I first saw them play in 1991 at the Aragon Ballroom in Chicago: they were opening for Smashing Pumpkins and the Red Hot Chili Peppers, a line-up I always cite to rebut the notion that music journalism is a cushy number. At that point, Pearl Jam overdid everything that could be guaranteed to offend my aesthetic prejudices, be it the inflated hair or the guitar histrionics, or simply Eddie Vedder’s sleeve-worn sincerity. Doubtless I was influenced by simplistic assessments of the post-Green River settlement: essentially, that Mudhoney were the pure-hearted punk rockers and Pearl Jam, via Mother Love Bone, were tools of The Man. Seeing two London gigs in 1992, as Ten-mania surged with that damn Jeremy video implanted on MTV, didn’t soften my view.

A couple of years later, certainly by the time of Vitalogy, Pearl Jam were a different animal – ragged sonics, media blackout, short hair – and I wish I’d seen them play live circa 1994/95. I did see them backing Neil Young at the Reading Festival, which was great but I gave most of the credit there to Neil Young. Essentially when I was paying attention, Pearl Jam weren’t really talking my language, and a little later, when they clearly were talking my language, I wasn’t paying attention.

Anyhow, the more perversely obtuse records they released, like No Code [1996] and Yield [1998], the more interested I became. Anyone who writes a song inspired by Mudhoney’s Matt Lukin is obviously one of the good guys. Waging war against Ticketmaster or inviting fans to bootleg your own shows are hardly the acts of corporate greedheads. Nor is regularly taking Mudhoney on tour as your opening band. In 2000 they even had The Monkeywrench, Mark Arm and Steve Turner’s side project,  playing arenas in Europe. By now I was cheering them on. Yet it wasn’t until hearing 2006’s ‘Avocado’ album that I truly felt compelled to see Pearl Jam again. With that album it seemed as if they’d finally reached a comfortable accommodation between their questing aspirations and ingrained commercial instincts. This was that rare beast: a big occasion band who never lost the human touch, with deep roots and maverick tendencies, precision driven but whimsical, endearingly off-the-cuff.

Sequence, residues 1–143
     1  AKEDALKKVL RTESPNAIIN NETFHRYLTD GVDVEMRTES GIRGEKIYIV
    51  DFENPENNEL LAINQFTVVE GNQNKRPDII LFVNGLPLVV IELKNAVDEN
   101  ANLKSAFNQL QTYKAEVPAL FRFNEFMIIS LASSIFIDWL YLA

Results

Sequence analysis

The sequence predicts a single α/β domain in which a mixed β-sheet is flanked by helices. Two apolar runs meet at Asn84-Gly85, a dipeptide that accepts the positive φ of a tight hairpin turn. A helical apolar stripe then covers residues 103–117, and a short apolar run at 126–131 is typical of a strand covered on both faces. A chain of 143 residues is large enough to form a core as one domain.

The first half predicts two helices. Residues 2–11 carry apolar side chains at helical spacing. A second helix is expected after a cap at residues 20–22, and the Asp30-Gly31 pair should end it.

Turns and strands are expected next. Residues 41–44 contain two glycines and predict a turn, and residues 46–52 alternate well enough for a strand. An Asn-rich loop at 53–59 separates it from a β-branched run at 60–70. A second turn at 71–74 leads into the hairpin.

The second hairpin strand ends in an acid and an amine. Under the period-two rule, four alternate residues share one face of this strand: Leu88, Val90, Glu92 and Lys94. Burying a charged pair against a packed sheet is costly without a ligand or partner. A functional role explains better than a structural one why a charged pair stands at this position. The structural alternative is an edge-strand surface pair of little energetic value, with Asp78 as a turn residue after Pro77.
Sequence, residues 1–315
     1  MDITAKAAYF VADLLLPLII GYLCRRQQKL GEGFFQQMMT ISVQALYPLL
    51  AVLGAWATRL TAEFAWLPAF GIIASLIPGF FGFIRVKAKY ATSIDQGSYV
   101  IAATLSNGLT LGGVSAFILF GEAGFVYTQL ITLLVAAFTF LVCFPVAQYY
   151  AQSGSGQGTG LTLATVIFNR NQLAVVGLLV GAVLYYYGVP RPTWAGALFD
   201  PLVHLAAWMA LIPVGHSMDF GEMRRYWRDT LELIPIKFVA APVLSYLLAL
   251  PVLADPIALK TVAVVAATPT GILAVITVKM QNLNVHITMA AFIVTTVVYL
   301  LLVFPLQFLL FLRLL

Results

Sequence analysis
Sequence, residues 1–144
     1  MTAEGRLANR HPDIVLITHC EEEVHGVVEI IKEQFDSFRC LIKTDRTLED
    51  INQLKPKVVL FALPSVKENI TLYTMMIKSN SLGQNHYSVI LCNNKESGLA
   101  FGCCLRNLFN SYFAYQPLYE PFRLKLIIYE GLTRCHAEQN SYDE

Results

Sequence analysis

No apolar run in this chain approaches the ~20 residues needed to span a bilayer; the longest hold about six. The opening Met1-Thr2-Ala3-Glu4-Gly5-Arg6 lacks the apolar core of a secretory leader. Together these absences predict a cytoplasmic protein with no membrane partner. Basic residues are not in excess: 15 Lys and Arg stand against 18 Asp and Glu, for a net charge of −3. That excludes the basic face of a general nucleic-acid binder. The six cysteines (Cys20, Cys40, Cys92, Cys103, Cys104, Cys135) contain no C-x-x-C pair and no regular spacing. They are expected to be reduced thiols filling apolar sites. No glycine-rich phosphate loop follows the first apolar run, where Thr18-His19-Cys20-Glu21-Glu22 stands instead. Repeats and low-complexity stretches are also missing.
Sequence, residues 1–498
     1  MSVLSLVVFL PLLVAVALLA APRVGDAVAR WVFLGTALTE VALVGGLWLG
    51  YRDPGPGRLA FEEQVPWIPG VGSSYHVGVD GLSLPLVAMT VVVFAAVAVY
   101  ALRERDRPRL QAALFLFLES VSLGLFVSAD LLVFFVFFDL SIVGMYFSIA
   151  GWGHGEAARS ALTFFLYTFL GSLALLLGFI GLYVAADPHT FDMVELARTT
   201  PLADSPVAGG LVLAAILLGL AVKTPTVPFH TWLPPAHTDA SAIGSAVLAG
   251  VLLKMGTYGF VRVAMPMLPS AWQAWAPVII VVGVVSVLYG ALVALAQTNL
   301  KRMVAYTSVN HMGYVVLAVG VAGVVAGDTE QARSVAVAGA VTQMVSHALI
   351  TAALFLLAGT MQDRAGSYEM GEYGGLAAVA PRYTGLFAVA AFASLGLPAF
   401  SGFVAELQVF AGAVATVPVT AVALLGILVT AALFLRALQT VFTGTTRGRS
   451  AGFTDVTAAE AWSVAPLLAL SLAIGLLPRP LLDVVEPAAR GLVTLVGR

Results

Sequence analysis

On July 19, 2013 I was lucky enough to see Pearl Jam play to 40,000 people at Wrigley Field in Chicago, one of the most remarkable rock shows I’ve ever witnessed. The unscripted drama of a two-hour thunderstorm interruption seemed to both heighten the band’s intensity and loosen their limbs. You didn’t have to be a baseball nut to sense the emotion when 82-year-old ‘Mr Cub’ Ernie Banks was led on-stage at his old home ground by Eddie to join in with All The Way, Ed Ved’s self-made Chicago Cubs anthem. As one fan’s T-shirt proclaimed, “It doesn’t get Eddie Vedder than this”.

After the storm: the late Chicago Cubs legend Ernie Banks and Eddie Vedder, Wrigley Field, July 19, 2013.

After the storm: Chicago Cubs legend Ernie Banks and Eddie Vedder, Wrigley Field, July 19, 2013.

From here on, I’m a lifer. Not Ten Club fanatical, but put it this way: the next time Mudhoney’s schedule permits them to accept what Jeff Ament insists is practically a permanent invitation for them to tour with PJ, then I’m there. And I can’t think of any other band that would possess me to drive to the GPS deadzone that is the Milton Keynes Bowl. There I was, however, in July 2014, eyeing up the merch, getting twitchy every time Mike McCready began loitering around the 20th fret, and scouring my PJ Stat Tracker app to assess the chances of hearing an obscuro fave like You Are or All Night alongside bankers like Even Flow and Corduroy. Hopes were high – after all, I’d interviewed Stone Gossard a week earlier and asked him to put a word in. Obviously Ed Ved had other ideas. But what the hell? Now I’m a Pearl Jam fan means there’s always a next time.